In the Philippines, radio commentator Edgar Damaliero was slain by a gunman riding tandem on the back of a motorcycle. Damaliero was killed instantly with a single shot.
In Brazil, investigative reporter Tim Lopes was working undercover when drug dealers discovered his identity and stabbed him to death after putting him through a mock trial.
In Russia, business reporter Natalya Skryl was attacked while walking home at night. She was struck in the head with a blunt object about a dozen times and died in the hospital the next day.
In countries around the world last year, a total of 19 journalists were killed for their work, according to the Committee to Protect Journalists. Most of them were targeted in direct reprisal for their reporting, and most of their killers had not been brought to justice by year’s end.
The 2002 tally might look high, but it is actually the lowest number of journalists killed in the line of duty that CPJ has recorded since it began tracking deaths in 1985. Last year’s number marks a sharp decrease from 2001, when 37 journalists were killed, eight of them while covering the war in Afghanistan.
The dramatic drop in the number of journalists killed for their work can be partially attributed to a decline in the number of world conflicts. According to CPJ research, a direct correlation exists between the number of journalists killed on the job and the incidents of violent conflict, which can give those who target journalists the ability to do so with impunity because of the instability that war fosters. In 1994, for example, 66 journalists were targeted for their work while civil wars raged in Algeria, Bosnia, and Rwanda.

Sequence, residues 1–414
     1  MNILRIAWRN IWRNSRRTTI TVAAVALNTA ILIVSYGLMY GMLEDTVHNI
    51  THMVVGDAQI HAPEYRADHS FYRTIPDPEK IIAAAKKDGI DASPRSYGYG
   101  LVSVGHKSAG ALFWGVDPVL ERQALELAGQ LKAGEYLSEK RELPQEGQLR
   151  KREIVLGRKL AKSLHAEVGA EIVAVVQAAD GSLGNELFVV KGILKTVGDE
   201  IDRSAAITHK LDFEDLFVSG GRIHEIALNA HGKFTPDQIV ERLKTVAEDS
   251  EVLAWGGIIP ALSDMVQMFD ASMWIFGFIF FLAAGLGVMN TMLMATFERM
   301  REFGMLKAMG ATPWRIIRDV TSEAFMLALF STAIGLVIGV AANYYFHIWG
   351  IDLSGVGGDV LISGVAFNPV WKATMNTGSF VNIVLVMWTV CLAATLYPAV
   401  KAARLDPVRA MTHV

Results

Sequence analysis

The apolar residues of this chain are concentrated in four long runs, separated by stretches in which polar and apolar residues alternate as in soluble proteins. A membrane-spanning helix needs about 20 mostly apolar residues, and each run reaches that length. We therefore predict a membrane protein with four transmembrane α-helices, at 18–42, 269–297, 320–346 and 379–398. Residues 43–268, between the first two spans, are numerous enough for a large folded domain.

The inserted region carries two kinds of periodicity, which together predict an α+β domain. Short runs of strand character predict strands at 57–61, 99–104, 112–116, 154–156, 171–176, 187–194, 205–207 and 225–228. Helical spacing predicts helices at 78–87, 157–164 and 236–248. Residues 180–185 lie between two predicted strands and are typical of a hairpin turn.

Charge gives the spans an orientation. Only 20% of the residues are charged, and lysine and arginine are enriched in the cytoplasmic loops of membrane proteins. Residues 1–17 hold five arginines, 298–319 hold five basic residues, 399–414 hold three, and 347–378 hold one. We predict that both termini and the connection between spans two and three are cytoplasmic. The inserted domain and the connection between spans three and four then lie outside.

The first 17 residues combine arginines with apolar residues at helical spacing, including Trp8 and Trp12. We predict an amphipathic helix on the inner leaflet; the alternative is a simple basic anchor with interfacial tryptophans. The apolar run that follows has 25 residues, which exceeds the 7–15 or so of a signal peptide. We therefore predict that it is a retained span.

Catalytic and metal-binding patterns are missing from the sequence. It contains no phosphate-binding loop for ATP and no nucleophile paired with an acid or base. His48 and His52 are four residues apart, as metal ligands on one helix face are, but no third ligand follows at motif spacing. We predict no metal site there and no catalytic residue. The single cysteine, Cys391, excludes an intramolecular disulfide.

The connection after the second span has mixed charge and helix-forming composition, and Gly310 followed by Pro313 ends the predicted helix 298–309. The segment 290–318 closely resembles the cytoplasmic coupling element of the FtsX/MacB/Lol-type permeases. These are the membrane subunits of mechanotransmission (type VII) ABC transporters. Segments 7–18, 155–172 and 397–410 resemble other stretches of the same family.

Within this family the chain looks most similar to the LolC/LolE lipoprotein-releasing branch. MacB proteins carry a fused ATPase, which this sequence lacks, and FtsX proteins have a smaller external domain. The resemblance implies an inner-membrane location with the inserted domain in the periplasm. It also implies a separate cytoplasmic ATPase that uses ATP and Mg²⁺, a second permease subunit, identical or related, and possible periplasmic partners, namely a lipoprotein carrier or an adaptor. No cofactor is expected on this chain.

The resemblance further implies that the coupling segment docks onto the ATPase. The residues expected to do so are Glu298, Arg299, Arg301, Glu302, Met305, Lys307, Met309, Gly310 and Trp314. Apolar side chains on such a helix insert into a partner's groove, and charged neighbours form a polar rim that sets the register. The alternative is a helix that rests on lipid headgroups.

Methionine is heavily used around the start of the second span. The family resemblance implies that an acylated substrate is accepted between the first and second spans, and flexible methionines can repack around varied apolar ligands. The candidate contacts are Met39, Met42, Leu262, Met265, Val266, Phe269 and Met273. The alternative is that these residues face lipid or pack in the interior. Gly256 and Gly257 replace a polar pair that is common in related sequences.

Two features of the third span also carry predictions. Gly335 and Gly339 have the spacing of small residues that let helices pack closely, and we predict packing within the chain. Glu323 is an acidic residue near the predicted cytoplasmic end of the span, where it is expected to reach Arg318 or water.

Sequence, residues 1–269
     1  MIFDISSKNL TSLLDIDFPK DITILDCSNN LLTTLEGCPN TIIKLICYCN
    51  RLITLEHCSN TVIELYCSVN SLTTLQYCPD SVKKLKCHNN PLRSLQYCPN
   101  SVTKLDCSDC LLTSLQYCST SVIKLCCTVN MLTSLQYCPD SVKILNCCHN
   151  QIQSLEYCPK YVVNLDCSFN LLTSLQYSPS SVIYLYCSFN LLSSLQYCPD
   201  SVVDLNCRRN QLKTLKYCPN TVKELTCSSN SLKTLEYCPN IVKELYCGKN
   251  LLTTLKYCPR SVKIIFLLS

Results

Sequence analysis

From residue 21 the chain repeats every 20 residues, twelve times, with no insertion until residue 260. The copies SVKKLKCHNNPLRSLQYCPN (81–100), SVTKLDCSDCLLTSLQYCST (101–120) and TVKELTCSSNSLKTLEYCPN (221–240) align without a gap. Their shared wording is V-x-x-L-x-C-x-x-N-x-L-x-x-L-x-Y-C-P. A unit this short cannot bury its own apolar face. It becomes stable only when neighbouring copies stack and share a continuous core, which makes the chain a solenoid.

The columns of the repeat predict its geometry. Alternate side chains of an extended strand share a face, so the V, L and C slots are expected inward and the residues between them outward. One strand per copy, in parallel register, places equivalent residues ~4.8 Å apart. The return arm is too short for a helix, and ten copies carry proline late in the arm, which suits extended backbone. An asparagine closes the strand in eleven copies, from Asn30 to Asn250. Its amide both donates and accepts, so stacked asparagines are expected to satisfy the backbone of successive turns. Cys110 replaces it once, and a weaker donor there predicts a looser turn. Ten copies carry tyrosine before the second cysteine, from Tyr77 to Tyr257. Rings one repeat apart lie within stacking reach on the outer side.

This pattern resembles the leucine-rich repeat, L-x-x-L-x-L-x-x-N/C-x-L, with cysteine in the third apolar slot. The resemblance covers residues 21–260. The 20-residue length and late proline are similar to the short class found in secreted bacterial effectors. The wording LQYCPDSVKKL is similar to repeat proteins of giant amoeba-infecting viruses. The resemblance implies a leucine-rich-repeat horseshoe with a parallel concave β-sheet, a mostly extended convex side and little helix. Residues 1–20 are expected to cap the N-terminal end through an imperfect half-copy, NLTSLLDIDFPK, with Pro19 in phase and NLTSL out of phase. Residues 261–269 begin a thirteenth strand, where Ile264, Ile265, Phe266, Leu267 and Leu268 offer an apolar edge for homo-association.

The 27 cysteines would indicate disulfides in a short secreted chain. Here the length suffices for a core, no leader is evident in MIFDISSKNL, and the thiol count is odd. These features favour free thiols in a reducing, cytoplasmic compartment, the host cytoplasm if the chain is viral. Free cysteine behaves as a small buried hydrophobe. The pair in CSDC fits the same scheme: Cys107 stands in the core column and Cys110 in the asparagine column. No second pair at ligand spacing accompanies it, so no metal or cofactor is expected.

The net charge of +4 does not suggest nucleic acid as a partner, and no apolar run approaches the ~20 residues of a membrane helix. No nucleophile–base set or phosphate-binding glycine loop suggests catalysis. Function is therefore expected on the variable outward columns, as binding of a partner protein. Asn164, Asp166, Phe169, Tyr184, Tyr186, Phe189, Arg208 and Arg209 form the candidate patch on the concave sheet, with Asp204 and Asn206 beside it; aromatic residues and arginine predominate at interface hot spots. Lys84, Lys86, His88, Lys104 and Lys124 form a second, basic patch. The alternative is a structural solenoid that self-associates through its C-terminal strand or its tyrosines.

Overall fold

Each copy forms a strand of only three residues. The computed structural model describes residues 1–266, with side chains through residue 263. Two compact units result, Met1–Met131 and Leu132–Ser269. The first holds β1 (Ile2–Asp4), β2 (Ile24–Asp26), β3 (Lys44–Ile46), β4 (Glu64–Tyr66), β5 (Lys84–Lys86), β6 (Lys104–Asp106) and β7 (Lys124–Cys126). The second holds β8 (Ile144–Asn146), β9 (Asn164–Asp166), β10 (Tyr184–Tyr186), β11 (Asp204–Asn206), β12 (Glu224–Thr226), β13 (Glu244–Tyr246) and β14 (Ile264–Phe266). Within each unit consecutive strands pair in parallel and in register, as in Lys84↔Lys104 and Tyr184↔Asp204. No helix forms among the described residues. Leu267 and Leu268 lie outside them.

Another factor in the decreasing number of journalists’ deaths may be the international attention that Wall Street Journal reporter Daniel Pearl’s kidnapping and murder early last year garnered. In the wake of Pearl’s death, journalists’ safety became a priority for news organizations. Many sent their staff to hostile-environment training, and reporters were better prepared in the field. Bulletproof vests may have saved the lives of two journalists in Venezuela and another in the West Bank, where three other journalists from NBC News survived being shot because they were driving an armored vehicle.
Still, in 2002, journalists remained at great risk. In countries such as Pakistan, India, Bangladesh and the Philippines, local journalists were killed in direct reprisal for their reporting on crime and corruption, most of them with impunity. Cameramen and photographers were especially vulnerable to cross fire and targeting by military forces – five were killed in 2002, including two who were covering conflict in the West Bank.
Journalists in Russia and Colombia die virtually every year in the line of duty, and 2002 was no exception. Three journalists were killed for their work in Russia last year: An editor of a newspaper known for its coverage of organized crime was shot eight times at point-blank range; a cameraman died in cross fire covering the fighting near the Chechen border; and a business reporter was bludgeoned to death on her way home.
In Colombia, three journalists also died in the line of duty: The owner of a radio station and host of programs that criticized all sides of Colombia’s civil war was pulled from his car, shot and killed; a newspaper columnist who wrote about human rights abuses was shot in the head while walking to work; and a cameraman was killed in cross fire while covering fighting between the army and a paramilitary group.
In addition to the 19 cases described below, CPJ continues to investigate four journalists who are missing and 13 others whose killings may have been related to their professional work.
Abi Wright is communications coordinator for the Committee to Protect Journalists.